What if I Have a $0 Book Budget? And Other Questions Authors Ask

Over the weekend, I asked my loyal readers if they had any questions about editing, publishing, or writing. These are some great questions, and I hope my answers will set you all on the path toward bookish success.

 

Craig asks,

What do you do when you have a $0 budget?

This is a tough one, because I believe quality work comes with a price tag, so I won’t advise you to go the cheap route. You can always try a Go Fund Me or Kickstarter campaign. If that’s not your cup of tea, ask your editor or designer if they allow payment plans. Many of them do. 

Another option is to pull a Dave Ramsey and save, save, save. Buy and resell furniture. Sell items on eBay. Have a garage sale. You’d be surprised how quickly you can save up for your book budget.

If none of those appeals to you, then hold off until you’re ready. Yikes! Not a fun answer, huh? As an author, it is your duty to deliver your best work. If you can’t afford a good designer and a good editor, you wouldn’t be offering your best work. Like I said, I won't advise you to go the cheap route because that would be damaging to your book (and your credibility). 

If you aren’t financially capable of doing that just yet, that's okay! Just wait until you are. You will be so glad you did.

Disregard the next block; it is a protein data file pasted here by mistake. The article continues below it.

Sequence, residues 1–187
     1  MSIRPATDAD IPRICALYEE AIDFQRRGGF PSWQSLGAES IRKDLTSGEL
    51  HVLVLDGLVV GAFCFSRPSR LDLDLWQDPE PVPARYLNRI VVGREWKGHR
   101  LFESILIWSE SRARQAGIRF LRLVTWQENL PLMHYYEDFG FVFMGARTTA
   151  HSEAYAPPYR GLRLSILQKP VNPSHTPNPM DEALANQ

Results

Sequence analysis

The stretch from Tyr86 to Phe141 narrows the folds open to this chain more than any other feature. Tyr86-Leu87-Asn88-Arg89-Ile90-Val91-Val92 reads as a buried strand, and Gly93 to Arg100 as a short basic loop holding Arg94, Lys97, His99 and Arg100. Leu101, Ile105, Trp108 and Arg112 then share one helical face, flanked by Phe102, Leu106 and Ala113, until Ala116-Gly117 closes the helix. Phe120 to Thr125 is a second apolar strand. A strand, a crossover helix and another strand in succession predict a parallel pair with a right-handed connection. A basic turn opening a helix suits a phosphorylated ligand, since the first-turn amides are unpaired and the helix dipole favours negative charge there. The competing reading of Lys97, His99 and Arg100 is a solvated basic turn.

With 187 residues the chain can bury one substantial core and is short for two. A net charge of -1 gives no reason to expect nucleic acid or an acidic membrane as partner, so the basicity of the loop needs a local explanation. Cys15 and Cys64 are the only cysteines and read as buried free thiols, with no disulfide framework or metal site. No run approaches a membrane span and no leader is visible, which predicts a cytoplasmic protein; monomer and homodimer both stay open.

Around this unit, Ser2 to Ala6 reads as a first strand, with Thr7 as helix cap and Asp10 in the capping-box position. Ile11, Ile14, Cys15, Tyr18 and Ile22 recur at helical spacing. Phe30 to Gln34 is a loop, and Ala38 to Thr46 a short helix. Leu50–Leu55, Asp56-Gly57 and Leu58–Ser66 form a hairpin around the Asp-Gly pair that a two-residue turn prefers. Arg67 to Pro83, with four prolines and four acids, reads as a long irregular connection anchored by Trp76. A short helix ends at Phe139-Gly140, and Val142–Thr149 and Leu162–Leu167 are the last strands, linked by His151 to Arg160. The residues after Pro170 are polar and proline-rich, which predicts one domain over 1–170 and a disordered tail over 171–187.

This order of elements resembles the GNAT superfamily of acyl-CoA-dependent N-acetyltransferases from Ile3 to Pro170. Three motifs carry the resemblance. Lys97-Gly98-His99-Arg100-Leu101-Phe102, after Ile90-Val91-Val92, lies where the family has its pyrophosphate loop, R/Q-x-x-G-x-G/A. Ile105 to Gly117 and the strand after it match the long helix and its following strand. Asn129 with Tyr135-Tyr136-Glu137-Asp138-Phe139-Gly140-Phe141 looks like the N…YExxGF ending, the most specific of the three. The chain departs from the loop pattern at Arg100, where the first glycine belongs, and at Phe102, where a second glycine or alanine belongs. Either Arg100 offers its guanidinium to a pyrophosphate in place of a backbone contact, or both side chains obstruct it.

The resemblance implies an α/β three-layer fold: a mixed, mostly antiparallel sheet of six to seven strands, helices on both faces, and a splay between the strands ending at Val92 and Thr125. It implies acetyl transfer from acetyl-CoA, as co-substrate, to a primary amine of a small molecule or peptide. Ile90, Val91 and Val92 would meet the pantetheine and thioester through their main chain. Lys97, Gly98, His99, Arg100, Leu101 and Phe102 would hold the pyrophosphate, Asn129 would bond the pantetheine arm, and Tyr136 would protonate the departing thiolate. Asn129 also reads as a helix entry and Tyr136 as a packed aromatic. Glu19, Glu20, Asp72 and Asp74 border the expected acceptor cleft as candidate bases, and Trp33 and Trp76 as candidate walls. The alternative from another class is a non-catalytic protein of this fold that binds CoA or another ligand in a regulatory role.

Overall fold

Melanie asks,

I am nearing the completion of a first draft. When it comes to editing (prior to submitting to a professional editor), I've had some people tell me to put the manuscript aside for a few weeks before starting edits. Others told me to jump right in while everything is still fresh. Any advice on which works better?

I wholeheartedly believe that you need to hide your complete manuscript for a few weeks to clear your brain before starting the next draft. When you take a timeout and come back to it, the errors, plot holes, and inconsistencies are clearer.

But while you’re pausing, make good use of your time and work on your marketing plan.

Matt asks,

Can I get ideas on selling more Kindle copies?

I highly suggest reading Make a Killing on Kindle by Michael Alvear. It offers a clear, effective strategy to help indie authors sell their e-books.

He’s done some incredible research and provides specific plans to accomplish the end goal. There are a couple of chapters he could probably cut, but one of my authors followed his book religiously and had outstanding success on Kindle.

One of the best ways to sell your book is to have book ambassadors who sell it for you. I talk about this often because it’s the truth. You know how word of mouth is the best form of advertising? Well, it’s the same with your book. “Oh, I’ve already got people sharing my book all over social media.” But do you have people selling it?

Do you know what sells a book? Fangirling sells a book. If I were to quickly share a post about your book and not say anything about it, how many people would purchase it? Hmm.

But if I go all-out fangirl and say, “You. Guys. Stop what you are doing right now and listen to me. Redefine Rich changed my life. I couldn’t put it down. For the first time, I feel empowered. If you’re serious about finding enrichment in your life, you have got to check out his book on Kindle. I hear it’s only $2.99!”